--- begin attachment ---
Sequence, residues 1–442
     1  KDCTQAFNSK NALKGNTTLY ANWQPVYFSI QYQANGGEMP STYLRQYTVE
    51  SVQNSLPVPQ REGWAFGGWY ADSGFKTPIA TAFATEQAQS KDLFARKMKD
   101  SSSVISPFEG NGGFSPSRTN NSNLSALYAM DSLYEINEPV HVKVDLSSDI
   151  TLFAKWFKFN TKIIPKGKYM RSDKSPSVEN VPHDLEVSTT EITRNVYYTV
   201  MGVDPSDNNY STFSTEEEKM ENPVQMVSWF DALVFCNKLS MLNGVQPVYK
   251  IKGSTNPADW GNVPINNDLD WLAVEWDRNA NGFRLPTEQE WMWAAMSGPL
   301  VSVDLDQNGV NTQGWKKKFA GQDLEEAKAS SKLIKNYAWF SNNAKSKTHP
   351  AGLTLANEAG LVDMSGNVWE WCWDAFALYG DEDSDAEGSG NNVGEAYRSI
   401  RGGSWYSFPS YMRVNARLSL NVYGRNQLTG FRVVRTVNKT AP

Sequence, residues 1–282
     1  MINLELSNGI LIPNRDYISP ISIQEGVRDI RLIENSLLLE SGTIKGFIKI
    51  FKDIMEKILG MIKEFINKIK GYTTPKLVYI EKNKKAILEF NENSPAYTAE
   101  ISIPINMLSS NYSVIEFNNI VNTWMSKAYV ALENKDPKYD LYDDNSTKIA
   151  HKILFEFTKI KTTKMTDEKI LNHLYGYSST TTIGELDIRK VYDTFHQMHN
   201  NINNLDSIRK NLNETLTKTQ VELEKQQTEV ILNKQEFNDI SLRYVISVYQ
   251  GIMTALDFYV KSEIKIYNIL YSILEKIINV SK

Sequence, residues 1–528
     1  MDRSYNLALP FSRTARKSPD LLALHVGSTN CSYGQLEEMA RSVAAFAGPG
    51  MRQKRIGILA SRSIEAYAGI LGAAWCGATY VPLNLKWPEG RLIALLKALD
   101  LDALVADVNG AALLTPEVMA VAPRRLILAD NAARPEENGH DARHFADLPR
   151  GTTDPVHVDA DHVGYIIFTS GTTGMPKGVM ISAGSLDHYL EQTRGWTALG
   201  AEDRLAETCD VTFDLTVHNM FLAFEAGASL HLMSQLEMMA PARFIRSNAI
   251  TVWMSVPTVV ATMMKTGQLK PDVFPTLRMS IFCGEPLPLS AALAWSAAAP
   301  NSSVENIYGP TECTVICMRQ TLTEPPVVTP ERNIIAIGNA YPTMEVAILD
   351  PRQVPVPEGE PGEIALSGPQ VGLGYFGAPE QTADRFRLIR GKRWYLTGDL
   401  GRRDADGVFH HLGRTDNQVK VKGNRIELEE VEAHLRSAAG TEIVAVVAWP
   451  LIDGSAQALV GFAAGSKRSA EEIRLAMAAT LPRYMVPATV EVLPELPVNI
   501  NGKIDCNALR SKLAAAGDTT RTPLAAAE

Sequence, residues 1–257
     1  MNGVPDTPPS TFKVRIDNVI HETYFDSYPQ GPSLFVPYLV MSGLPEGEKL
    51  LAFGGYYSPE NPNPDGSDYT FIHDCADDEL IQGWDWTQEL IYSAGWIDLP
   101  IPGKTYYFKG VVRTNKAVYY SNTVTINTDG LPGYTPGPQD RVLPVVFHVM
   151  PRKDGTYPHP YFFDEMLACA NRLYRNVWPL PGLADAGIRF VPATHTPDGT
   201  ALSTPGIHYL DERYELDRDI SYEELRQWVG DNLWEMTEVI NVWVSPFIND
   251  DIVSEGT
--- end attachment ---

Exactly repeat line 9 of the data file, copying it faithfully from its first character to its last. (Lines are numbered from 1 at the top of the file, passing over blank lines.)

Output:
   351  AGLTLANEAG LVDMSGNVWE WCWDAFALYG DEDSDAEGSG NNVGEAYRSI